Procedures for anchoring 

The scope of chain or warp you need depends on the maximum depth of water you expect during your stay

  • Chain = 4 x depth (example: Water depth 5m = 20m of Chain
  • Warp/rope = 6x depth (example: Water depth5m = 30m of warp


Anchor Chains

A ship’s hawsepipe is the pipe passing through the bow section of a ship that the anchor chain passes through.

Spurling pipe  – a pipe or tube through which an anchor chain passes to the chain locker below the deck of a ship.

Selecting an anchor berth

  • Shelter from wind/swell/tidal stream
  • Tidal rise and fall
  • Nature of the seabed
  • Swinging room-other boats/hazards etc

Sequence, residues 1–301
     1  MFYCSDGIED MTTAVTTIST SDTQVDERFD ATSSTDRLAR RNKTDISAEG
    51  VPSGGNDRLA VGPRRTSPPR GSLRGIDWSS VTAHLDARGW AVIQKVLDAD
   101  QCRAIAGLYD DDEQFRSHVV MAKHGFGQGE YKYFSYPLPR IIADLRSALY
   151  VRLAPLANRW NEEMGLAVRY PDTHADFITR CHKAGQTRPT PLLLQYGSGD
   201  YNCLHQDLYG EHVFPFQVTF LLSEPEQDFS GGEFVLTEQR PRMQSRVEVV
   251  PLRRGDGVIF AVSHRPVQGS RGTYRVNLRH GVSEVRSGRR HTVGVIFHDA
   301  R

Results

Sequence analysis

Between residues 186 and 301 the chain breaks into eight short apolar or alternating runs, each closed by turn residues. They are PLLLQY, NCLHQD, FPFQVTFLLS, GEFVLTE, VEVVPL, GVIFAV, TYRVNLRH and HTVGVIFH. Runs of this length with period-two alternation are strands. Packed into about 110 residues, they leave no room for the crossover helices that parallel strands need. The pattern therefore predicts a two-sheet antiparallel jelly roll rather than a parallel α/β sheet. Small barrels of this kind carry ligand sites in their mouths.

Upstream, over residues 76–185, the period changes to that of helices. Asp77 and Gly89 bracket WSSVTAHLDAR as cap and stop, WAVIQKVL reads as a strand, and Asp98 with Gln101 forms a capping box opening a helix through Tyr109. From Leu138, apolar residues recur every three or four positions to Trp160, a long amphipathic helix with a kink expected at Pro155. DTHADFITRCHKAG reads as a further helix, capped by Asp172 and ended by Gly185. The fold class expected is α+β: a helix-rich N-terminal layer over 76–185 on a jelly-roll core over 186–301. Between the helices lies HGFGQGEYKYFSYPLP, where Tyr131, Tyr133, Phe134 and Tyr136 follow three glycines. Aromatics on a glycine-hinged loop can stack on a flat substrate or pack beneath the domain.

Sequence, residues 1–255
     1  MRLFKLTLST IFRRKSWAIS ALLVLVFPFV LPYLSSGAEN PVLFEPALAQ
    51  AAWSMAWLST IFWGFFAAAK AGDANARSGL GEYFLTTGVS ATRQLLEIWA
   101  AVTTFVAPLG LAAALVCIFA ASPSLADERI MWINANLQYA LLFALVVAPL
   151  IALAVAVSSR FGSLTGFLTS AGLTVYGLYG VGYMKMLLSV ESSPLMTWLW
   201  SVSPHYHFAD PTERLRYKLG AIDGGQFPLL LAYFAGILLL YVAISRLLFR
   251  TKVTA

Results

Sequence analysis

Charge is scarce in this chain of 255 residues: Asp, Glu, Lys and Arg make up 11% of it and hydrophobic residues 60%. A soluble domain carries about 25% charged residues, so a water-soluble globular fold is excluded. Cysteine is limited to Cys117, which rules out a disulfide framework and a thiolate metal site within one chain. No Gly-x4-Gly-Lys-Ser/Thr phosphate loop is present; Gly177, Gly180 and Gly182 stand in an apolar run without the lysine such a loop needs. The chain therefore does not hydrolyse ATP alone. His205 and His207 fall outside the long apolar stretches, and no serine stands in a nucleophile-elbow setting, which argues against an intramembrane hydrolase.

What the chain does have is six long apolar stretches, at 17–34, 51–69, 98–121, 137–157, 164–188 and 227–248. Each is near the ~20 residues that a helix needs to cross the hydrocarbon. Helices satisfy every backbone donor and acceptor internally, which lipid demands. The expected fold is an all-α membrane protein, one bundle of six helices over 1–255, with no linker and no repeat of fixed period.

• A good mixture of sand, mud, and shingles are safest to anchor on.
  • Two Anchors in Narrow Channels or creek (Fore and Aft)
  • Anchoring in heavy weather, Set Two anchors fore at 45 Degrees to each other


Types of Anchors

  • Bruce: Good holding to weight ratio- very awkward to stow in small anchor locker.
  • Fisherman: Traditional type, good for a rocky and weedy bottom, poor holding power in sand and mud.
  • CQR or Plough: Good holding to weight ratio -hard to stow and moving parts can capsize.
  • Danforth: Good Holding to weight ratio -stows flat, can be hard to break out of the mud.
  • Delta: Good Holding to weight ratio designed to stay on bow roller for self-launching.

Check the seabed, See what the chart says about the seabed. Is it suitable for your anchor?

  • S. Sh. G – Mixed: Where the seabed comprises a mixture of materials, the main constituent is given first. e.g. Sand, Shells, and Gravel
  • S. Sh – Mixed: Sand and Shells
  • R – Rock, Rocky
  • Sn – Shingle
  • M – Mud
  • G – Gravel



BML Boatmaster Licence Notes